It all began in 1992, when Seppo Ainamo, the project’s founder and coordinator, promised to pay the school fees of one 8-year-old boy, whose 22 year-old widowed mother couldn’t afford to send him to school. The Dzikwa Trust Fund, or simply Dzikwa for short, was established as a legal entity and began operations in Zimbabwe in September 2002. The underlying purpose of the society is to empower Zimbabwean orphans and give them a chance to lead a fulfilling life. It seeks to give the children long-term help, in their own community, in order to guarantee their basic education and general welfare. The ICDL project started in April 2015 and in August 2015, the first ICDL lessons and exams were taken. The objectives were:
- To enhance the professional capacity of Dzikwa ICT Centre
- To enable Dzikwa students to be trained in ICDL
- To provide ICDL and other digital skills training affordably to the Dzivarasekwa and surrounding communities
- To generate funds for Dzikwa Trust
The team that drove the project to be what it is now is comprised of the following: Nyaradzai Matiza, the ICDL trainer; Farai Pedzisayi, Tendai Mikioni and Ruvimbo Moyo, the Dzikwa ICT Centre assistants; Levita Chenera, Dzikwa Field Officer; Seppo Ainamo and Oili Wuolle, Dzikwa Directors; and Anna Puhakka, a volunteer from Finland.
We sold our old computers and used the proceeds to pay for the initial costs. The directors helped to market the initiative in Finland, by convincing the sponsors to fund their sponsored children to take ICDL. Farai and Anna helped in designing the ICDL brochure, flyers and posters. Tendai and Ruvimbo assisted in distributing the brochures, flyers and posters in and around Dzivarasekwa. Levita helped identify students for the first class and in flyer distribution.
There was no place where the Dzivarasekwa and surrounding communities could go to learn basic computing and other modules that are a requirement for survival in today’s workplace and day–to-day living. People had to travel to town to learn ICDL and other courses. In the two local schools in Dzivarasekwa, students can take the HEXCO exams. Our students had been requesting an internationally recognised certification to be offered in our Dzikwa ICT Centre. The first ICDL lessons were done on 12 August 2015. A total 17 students (10 boys and 7girls) had funding available from their sponsors, and the volunteer in the ICT Centre, Farai Pedzisayi is also learning ICDL. The first ICDL exams were taken on 21 August 2015. A total of 6 sittings were made for the ICDL exams in 2015. So far, four students have passed the initial basic ICDL exams: three boys (one was then in Form 3, and two then in Form 5) and one girl (then in Form 3).
So far, all the initial costs have been recovered during the first class that was held in Dzikwa. The project started off as an in-house project, offering training to the Dzikwa students only. Now the marketing efforts are targeting the immediate surrounding communities. Presentations have been done in local churches, the police and the clinic. The local people, even small business operators, are keen to start the ICDL training. We have structured the course in such a way that the basic ICDL is attained when one has done the Computer Essentials, Online Essentials, Word Processing, Spreadsheets and Presentation modules. To date, 18 skills cards have been sold and all are from the first class only. The project is now being launched to include people outside of Dzikwa. We plan on selling about 50 profile cards by the end of this year. We also plan to have trained two more ICDL trainers.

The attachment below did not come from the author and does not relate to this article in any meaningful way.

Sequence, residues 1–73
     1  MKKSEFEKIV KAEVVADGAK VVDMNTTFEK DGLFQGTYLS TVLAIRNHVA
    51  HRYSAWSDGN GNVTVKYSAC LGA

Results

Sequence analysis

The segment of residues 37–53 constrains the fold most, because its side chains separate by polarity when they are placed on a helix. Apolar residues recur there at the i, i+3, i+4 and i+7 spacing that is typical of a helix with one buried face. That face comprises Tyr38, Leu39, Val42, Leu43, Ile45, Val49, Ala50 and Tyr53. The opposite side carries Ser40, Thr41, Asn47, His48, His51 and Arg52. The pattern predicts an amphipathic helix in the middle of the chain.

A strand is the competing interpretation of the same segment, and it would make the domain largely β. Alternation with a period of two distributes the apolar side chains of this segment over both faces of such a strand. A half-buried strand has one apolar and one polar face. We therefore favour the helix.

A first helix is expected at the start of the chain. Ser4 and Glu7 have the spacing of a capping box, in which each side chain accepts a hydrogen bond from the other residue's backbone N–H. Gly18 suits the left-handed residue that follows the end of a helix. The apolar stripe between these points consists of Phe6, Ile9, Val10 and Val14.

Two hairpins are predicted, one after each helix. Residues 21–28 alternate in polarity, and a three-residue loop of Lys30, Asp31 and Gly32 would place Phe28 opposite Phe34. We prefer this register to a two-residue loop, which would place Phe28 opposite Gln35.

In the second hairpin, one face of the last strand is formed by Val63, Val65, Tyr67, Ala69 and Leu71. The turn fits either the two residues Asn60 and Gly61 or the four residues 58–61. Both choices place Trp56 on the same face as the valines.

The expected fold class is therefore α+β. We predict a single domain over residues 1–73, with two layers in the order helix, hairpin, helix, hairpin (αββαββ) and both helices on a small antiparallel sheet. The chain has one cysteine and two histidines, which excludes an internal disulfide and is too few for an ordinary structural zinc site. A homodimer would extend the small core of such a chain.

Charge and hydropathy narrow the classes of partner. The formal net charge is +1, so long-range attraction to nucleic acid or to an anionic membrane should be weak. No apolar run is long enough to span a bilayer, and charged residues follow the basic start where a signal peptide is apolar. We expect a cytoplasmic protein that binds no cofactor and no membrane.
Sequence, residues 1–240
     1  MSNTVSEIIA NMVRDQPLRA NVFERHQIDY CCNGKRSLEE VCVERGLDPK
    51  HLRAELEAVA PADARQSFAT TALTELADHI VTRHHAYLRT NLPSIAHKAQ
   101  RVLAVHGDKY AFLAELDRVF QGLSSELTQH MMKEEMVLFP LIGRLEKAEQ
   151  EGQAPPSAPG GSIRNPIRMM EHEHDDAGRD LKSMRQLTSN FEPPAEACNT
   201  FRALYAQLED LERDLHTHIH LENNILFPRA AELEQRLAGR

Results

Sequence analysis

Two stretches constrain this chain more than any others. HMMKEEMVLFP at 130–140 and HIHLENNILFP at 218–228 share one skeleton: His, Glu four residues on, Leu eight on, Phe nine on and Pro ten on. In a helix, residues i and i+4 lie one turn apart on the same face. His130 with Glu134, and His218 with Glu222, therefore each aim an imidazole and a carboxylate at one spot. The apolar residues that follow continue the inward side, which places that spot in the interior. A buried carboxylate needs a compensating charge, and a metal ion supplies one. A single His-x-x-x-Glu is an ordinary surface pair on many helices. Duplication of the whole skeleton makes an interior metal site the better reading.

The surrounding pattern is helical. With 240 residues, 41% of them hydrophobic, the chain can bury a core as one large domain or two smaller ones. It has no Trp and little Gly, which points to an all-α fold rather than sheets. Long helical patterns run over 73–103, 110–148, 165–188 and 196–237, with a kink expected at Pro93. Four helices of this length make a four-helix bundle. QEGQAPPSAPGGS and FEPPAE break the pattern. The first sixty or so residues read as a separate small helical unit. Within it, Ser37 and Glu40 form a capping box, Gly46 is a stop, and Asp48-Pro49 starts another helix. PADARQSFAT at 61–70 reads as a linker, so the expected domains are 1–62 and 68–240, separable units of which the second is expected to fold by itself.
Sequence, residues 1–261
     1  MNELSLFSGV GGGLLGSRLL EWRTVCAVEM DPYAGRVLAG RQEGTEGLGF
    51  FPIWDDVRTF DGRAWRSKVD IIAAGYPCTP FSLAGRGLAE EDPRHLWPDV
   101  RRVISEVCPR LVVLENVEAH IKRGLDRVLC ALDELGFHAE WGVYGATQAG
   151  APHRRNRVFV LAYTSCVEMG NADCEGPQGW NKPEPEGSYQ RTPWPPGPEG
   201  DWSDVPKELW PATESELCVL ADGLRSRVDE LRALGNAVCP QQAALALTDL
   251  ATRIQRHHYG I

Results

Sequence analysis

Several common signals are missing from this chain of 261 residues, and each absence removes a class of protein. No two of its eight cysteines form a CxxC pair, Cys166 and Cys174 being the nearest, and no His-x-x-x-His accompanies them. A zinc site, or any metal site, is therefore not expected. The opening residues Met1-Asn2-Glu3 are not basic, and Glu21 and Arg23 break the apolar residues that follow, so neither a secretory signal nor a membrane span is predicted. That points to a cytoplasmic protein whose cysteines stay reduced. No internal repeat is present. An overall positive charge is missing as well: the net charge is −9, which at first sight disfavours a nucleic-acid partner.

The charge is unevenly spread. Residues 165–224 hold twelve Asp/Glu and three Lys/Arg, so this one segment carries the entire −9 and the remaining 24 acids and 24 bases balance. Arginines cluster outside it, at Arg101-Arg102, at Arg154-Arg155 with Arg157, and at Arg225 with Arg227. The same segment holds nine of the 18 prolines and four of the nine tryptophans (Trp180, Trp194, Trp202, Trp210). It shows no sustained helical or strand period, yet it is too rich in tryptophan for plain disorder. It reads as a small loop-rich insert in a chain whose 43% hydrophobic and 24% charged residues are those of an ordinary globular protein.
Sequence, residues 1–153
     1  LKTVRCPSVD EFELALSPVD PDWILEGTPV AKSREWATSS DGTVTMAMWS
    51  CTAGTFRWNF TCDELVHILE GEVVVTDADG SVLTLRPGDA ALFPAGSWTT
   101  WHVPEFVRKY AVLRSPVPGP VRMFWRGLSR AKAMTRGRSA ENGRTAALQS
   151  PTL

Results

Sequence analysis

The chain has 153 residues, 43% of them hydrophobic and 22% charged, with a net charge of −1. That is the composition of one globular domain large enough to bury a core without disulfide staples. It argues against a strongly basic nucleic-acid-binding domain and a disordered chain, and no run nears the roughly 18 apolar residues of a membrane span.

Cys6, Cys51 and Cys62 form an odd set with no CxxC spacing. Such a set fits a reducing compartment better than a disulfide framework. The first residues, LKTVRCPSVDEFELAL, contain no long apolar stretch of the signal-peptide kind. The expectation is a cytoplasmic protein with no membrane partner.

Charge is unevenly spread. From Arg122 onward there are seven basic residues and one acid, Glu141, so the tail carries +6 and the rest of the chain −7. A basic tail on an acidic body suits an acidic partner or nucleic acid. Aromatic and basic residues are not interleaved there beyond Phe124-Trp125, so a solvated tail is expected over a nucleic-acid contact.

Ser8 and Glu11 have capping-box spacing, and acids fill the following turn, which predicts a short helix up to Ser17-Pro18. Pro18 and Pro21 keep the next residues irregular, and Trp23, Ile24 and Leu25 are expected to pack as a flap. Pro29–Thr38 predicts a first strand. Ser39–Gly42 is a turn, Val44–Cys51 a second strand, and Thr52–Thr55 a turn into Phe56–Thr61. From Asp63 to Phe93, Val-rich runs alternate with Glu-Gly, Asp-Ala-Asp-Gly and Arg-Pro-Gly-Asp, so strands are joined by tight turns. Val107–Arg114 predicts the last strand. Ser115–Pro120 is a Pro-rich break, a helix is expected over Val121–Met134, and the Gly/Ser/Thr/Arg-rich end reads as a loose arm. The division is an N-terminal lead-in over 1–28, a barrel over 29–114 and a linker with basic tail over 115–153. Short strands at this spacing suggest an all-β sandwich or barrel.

The first class was made up of Dzikwa students who had done a basic ICT course in the ICT Centre prior to the introduction of the ICDL courses. The students had an appreciation of ICT, and how to use it. A few concepts were new to them, hence ICDL was more interesting. Also, the idea of getting an internationally recognised qualification was appealing to the students. The students were trained and a lot of exam-type questions were done.
The project motivated our Dzikwa children to excel in ICT subjects in their respective schools, with some taking Computer Studies at A Level. The visibility of Dzikwa ICT Centre has increased in the community. Dzikwa staff members and students have the opportunity to be trained as ICDL trainers. Community outreach was conducted through the means of face to face deep briefing and advertisement through the use of brochures & posters.
The project was a learning point for the Trust. It is a way of exploring ways in which the cost centres in the Trust can be self-sustaining. The project is also enhancing Dzikwa Trust’s marketing and business management skills through the exploration of different marketing methods. The project has a stand-alone income, budget and cashbook to monitor cash flows.
“The modules are practical; we get to go online. I now have a Gmail account, and an Outlook account too. The trainer is thorough when teaching. The practical use of computers was explained and demonstrated well.” – Bishop Charamba
“There are no surprises in the exams, what we learnt and revised is what was in the exams.” – Samuel Kanhodo
“Computer skills are now a must in today’s environment.” – Local Clinic employee